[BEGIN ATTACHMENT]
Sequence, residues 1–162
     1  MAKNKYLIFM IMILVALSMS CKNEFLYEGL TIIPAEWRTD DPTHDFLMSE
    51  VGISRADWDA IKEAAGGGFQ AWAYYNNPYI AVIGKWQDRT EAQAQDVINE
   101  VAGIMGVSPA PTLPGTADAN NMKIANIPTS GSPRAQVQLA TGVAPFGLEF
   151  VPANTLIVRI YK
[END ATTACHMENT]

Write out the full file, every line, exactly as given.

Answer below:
Sequence, residues 1–162
     1  MAKNKYLIFM IMILVALSMS CKNEFLYEGL TIIPAEWRTD DPTHDFLMSE
    51  VGISRADWDA IKEAAGGGFQ AWAYYNNPYI AVIGKWQDRT EAQAQDVINE
   101  VAGIMGVSPA PTLPGTADAN NMKIANIPTS GSPRAQVQLA TGVAPFGLEF
   151  VPANTLIVRI YK